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Gene Review

Snta1  -  syntrophin, acidic 1

Mus musculus

Synonyms: 59 kDa dystrophin-associated protein A1 acidic component 1, AW228934, Alpha-1-syntrophin, Snt1, Syntrophin-1, ...
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Disease relevance of Snta1


High impact information on Snta1


Biological context of Snta1


Anatomical context of Snta1


Associations of Snta1 with chemical compounds


Physical interactions of Snta1

  • Grb2-binding to syntrophin is increased by the addition of either laminin-1 or the isolated laminin alpha1 globular domain modules LG4-5, a protein referred to as E3 [8].
  • Mouse alpha1 syntrophin binds the COOH-terminal domain of dystrophin, and calmodulin inhibits this interaction in a Ca2+-dependent fashion [13].
  • Where calmodulin binds to syntrophin was investigated by constructing fusion proteins containing different regions of syntrophin's sequence [13].
  • In vitro immunoprecipitation and pull-down assays demonstrated that Kir4.1 can bind directly to alpha-syntrophin, requiring the presence of the last three amino acids of the channel (SNV), a consensus PDZ domain-binding motif [16].

Regulatory relationships of Snta1


Other interactions of Snta1


Analytical, diagnostic and therapeutic context of Snta1


  1. Alpha1-syntrophin-deficient skeletal muscle exhibits hypertrophy and aberrant formation of neuromuscular junctions during regeneration. Hosaka, Y., Yokota, T., Miyagoe-Suzuki, Y., Yuasa, K., Imamura, M., Matsuda, R., Ikemoto, T., Kameya, S., Takeda, S. J. Cell Biol. (2002) [Pubmed]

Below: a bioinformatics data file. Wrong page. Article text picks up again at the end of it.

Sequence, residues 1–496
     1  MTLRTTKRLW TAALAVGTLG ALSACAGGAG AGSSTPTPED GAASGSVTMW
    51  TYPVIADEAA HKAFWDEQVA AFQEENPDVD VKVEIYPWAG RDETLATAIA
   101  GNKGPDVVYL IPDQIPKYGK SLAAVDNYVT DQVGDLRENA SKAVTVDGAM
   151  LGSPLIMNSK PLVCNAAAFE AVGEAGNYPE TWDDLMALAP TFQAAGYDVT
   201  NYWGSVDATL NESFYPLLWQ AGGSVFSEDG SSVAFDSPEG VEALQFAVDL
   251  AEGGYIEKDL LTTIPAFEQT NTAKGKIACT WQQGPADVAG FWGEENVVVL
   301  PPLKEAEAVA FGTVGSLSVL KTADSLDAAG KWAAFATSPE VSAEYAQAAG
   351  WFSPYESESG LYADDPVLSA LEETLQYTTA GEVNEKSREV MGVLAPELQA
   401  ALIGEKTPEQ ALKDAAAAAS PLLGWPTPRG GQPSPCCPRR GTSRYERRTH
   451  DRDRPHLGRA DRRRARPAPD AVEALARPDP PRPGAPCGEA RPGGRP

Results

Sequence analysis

2. An alpha-syntrophin-dependent pool of AQP4 in astroglial end-feet confers bidirectional water flow between blood and brain. Amiry-Moghaddam, M., Otsuka, T., Hurn, P.D., Traystman, R.J., Haug, F.M., Froehner, S.C., Adams, M.E., Neely, J.D., Agre, P., Ottersen, O.P., Bhardwaj, A. Proc. Natl. Acad. Sci. U.S.A. (2003) [Pubmed]
  3. C-terminal-truncated microdystrophin recruits dystrobrevin and syntrophin to the dystrophin-associated glycoprotein complex and reduces muscular dystrophy in symptomatic utrophin/dystrophin double-knockout mice. Yue, Y., Liu, M., Duan, D. Mol. Ther. (2006) [Pubmed]
  4. Vasomodulation by skeletal muscle-derived nitric oxide requires alpha-syntrophin-mediated sarcolemmal localization of neuronal Nitric oxide synthase. Thomas, G.D., Shaul, P.W., Yuhanna, I.S., Froehner, S.C., Adams, M.E. Circ. Res. (2003) [Pubmed]
  5. Selective loss of sarcolemmal nitric oxide synthase in Becker muscular dystrophy. Chao, D.S., Gorospe, J.R., Brenman, J.E., Rafael, J.A., Peters, M.F., Froehner, S.C., Hoffman, E.P., Chamberlain, J.S., Bredt, D.S. J. Exp. Med. (1996) [Pubmed]
  6. Two forms of mouse syntrophin, a 58 kd dystrophin-associated protein, differ in primary structure and tissue distribution. Adams, M.E., Butler, M.H., Dwyer, T.M., Peters, M.F., Murnane, A.A., Froehner, S.C. Neuron (1993) [Pubmed]
  7. Mouse alpha 1- and beta 2-syntrophin gene structure, chromosome localization, and homology with a discs large domain. Adams, M.E., Dwyer, T.M., Dowler, L.L., White, R.A., Froehner, S.C. J. Biol. Chem. (1995) [Pubmed]
  8. Binding of laminin alpha1-chain LG4-5 domain to alpha-dystroglycan causes tyrosine phosphorylation of syntrophin to initiate Rac1 signaling. Zhou, Y.W., Thomason, D.B., Gullberg, D., Jarrett, H.W. Biochemistry (2006) [Pubmed]